Does Modern Democracy Represent the People?
Gintas Karalius
Vilniaus universitetas
Published 2018-10-08



How to Cite

Karalius G. (2018). Does Modern Democracy Represent the People?. Politologija, 91(3), 139-165.


[only abstract in English; full article, abstract in Lithuanian]

The purpose of this article is to suggest an innovative theoretical approach to modern democracy and its implicit contradiction between the idea of public sovereignty and the model of political representation. The apparent practical problem arising from this contradiction is the lack of legitimacy in democratically elected officials and parliament in general. The article argues that the issue with democratic representation cannot be explained sociologically, but must include a theoretical analysis of the normative contradiction between the egalitarian principle of sovereignty of the people and the hierarchical model of political representation.

The article develops its argument from the conceptual framework laid down in the political theory of Montesquieu. Montesquieu’s thoughts on political regimes offer important insights about modern representative democracy, highlighting the structural relationship between what he called the “nature of democracy” (the rule of the people) and the “generating principle of democracy” (love for equality). Three contemporary interpretations of Montesquieu’s theory (by Fred Dallmayr, Michael Mosher and Sharon Krause) are introduced and critically evaluated.

The article concludes that:

Representative democracy suffers from a structural tension between the democratic idea of the rule of the people and its practical implementation through the model of representation, which was inherited from predemocratic monarchic regimes. The problem is not sociological but structural.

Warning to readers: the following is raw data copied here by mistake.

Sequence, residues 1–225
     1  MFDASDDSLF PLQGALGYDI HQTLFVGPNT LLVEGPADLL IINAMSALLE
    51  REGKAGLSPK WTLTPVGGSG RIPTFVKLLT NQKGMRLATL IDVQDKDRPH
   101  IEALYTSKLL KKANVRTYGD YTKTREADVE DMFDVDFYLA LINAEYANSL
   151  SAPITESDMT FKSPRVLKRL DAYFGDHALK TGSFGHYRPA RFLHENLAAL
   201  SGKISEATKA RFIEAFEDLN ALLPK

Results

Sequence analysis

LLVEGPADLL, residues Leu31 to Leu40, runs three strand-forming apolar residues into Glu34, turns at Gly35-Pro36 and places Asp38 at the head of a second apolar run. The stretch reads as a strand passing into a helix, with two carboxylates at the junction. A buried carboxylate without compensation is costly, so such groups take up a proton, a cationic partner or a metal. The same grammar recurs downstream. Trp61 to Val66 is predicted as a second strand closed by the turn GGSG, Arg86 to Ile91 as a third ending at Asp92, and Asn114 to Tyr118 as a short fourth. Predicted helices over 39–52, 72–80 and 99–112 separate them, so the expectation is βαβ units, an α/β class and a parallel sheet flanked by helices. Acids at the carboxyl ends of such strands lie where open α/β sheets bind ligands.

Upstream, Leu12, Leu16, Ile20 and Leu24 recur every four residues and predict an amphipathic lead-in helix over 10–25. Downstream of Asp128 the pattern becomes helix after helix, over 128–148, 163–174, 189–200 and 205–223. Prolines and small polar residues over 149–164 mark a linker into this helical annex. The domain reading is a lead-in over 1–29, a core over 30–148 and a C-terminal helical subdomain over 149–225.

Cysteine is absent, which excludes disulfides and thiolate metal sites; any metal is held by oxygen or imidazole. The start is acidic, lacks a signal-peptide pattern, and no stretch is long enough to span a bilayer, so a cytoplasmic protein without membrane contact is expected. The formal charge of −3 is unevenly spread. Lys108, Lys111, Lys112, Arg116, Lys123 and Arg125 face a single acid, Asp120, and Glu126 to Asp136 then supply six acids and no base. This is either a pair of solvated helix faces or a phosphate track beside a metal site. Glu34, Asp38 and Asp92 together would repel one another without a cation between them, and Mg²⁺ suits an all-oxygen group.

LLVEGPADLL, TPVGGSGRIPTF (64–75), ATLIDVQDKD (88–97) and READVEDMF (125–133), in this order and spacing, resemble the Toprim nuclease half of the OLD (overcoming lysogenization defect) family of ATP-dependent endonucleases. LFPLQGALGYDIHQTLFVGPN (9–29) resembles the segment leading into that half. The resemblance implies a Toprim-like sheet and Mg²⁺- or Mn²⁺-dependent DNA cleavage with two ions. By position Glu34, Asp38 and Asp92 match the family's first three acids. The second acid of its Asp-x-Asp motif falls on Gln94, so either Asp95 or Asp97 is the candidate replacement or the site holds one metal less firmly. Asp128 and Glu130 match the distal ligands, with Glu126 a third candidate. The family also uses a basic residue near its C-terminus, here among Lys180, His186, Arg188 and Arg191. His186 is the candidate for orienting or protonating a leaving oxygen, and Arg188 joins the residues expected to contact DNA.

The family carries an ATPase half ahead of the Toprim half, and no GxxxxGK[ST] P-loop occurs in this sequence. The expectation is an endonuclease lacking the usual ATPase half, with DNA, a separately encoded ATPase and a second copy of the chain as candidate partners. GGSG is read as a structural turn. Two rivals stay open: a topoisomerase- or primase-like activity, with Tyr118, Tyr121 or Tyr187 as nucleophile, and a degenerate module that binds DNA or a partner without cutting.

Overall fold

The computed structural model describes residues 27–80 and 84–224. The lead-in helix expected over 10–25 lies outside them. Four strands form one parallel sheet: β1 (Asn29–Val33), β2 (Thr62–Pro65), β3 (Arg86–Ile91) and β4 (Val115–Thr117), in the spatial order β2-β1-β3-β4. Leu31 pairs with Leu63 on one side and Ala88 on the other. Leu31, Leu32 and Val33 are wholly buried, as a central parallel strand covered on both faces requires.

Montesquieu’s theory offers a conceptual framework for analyzing the inner tension of representative democracy between the ideas of egalitarianism and political hierarchy. Contemporary authors suggest different interpretations of Montesquieu’s thought and offer several strategies for the possible improvement of democratic rule, such as (1) redrawing the notion of representation, (2) creating a more empowered civic society and (3) introducing a meritocratic educational system for individuals. Yet, they all miss the original idea posed by the Enlightenment philosopher regarding the balance between the democratic principle (passion for equality) and its natural claim to represent the people with “intermediary institutions” that mitigate the adverse tendencies of the democratic form of government.

Philosophical discussions about democratic legitimacy should consider one Montesquieu’s statement that is rarely theoretically acknowledged: that democratic political representation needs non-egalitarian social ideas. This means that democracy must tolerate certain non-democratic social ideas (such as honor) for its own benefit, because they provide the necessary balancing institutions. Such an idea would benefit the ongoing debates about democracy by providing a more structural outlook on the fundamental source of the problem (which is a structural collision of contradictory ideas: “equality” vs. “hierarchy”) than those offered by the sociological strategies of democratization or civic empowerment.

Creative Commons License

This work is licensed under a Creative Commons Attribution 4.0 International License.

Please read the Copyright Notice in Journal Policy